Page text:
Electric cars are grabbing lots of headlines and most of the big awards at the moment. Jaguar, in particular, must surely be investing in a few extra trophy cabinets after harvesting dozens of gongs for the I-Pace, including the most prestigious, the 2019 European Car of the Year award, which it received on the eve of this yearís Geneva Motor Show.
Hyundai’s Kona and its Korean sister, the Kia e-Niro, arenít far behind, and the world is still fascinated by Tesla, which continues to be the biggest EV story of all. Most recently, the company has been attracting attention for its efforts to ramp up production for its Model 3, which has arrived in Europe, but not the UK, yet. Audi and Mercedes-Benz have created quite a stir with their fancy e-Tron and EQ models, too.
But there are still some people that worry about adopting electric vehicles, though a lot of this is about range. Ever since the first wave of modern electric cars appeared, their limited radius of action has been the central objection of the doubters ñ and the problem that car-makers had to fix if electric cars were going to break into the mainstream. What these headline-hogging, gong-grabbing electrics all have in common is that they are starting to match the range of the petrol and diesel alternatives. Whatever their other undoubted merits, that is the quality that has got people interested in them and taking them seriously.
That said, a full-range electric car is still an expensive product, one that is beyond reach for most drivers, even as battery prices continue to fall. So while these top-end models form the spearhead of the electrification movement, doing the vital work of shattering pre-conceptions and mis-conceptions about range and performance, electrification needs to advance along a far broader front if it is to become more directly relevant to most drivers.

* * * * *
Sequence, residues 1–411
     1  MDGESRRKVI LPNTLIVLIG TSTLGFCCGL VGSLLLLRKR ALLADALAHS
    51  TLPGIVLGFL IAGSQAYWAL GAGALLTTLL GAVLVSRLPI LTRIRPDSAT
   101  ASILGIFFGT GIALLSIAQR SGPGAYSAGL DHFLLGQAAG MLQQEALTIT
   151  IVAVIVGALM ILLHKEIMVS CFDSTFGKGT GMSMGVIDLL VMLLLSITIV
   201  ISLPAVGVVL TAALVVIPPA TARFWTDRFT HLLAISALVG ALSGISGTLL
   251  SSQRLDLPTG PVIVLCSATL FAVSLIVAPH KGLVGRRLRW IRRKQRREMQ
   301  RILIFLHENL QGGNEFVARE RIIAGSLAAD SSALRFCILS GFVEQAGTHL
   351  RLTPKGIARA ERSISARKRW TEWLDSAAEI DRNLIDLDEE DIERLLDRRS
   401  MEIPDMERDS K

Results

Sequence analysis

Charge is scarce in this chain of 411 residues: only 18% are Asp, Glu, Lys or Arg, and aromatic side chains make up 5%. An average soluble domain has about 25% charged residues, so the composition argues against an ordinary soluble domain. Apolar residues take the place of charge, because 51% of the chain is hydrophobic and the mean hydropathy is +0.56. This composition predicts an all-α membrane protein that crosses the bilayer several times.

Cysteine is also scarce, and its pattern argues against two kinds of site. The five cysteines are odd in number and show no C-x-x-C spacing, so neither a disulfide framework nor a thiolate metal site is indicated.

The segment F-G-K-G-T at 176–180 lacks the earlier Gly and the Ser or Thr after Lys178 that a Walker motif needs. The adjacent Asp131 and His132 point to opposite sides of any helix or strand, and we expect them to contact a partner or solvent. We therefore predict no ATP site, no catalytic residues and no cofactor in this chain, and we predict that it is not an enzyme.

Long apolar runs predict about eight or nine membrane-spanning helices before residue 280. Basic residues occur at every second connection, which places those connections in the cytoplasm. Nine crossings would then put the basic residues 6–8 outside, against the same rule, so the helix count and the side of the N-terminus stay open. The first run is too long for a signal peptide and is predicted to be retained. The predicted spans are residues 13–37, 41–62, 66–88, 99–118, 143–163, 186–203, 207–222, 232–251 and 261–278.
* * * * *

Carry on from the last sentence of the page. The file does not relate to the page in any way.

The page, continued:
Perhaps the stealthiest area of advance is in the field of mild hybrids. Electrification isnít just about the sales of pure battery electric cars ñ in the near-term, itís also about making the big-selling petrol and diesel models more electric.
Volvo recently extended its electrification push with the announcement of its new ìBî badged mild hybrid range. The technology is being applied to both petrol and diesel engines, starting with the XC60 and XC90 crossovers. Fuel consumption improvements of up to fifteen per cent are expected. These new models will run alongside Volvoís range of plug-in hybrid models, which is also being expanded.
Another area of advance is small urban electric cars. At the dawn of the current age of electrification, this is where the action seemed likely to unfold first ñ after all, urban journeys are short, so range shouldnít in theory be a problem, and cities have the dirtiest air, so should have most to gain from zero-emissions vehicles. For various reasons, including a lack of off-street parking and charging facilities, as well as then-high battery prices, this didnít really happen.
Now there seems to be a renewed focus on small electrics. Hondaís Urban EV concept has been a motor show darling thanks to its cool retro looks, which we can only hope will make it into the eventual production version. Daimler had already decided that its urban smart brand would go all-electric ñ now it is putting the operation into a joint venture with Geely, the big group that has already given electrification a significant push via its involvement in Volvo, Polestar, Lynk & Co and the London taxi-maker LEVC. Geelyís Chinese base opens up a whole new dimension in terms of volumes and costs which could make the economics of producing electric Smarts a lot more attractive.
Volkswagen is relying on SEAT to produce a brand new platform for small urban electric cars costing less than €20,000 (about £17,000), while even arch-rivals BMW and Mercedes-Benz are reported to be interested in developing a joint platform for their smaller electric models.
So even if you canít stretch to a fancy Tesla or Jaguar I-Pace, electrification could be coming to a car near you ñ and fairly soon too.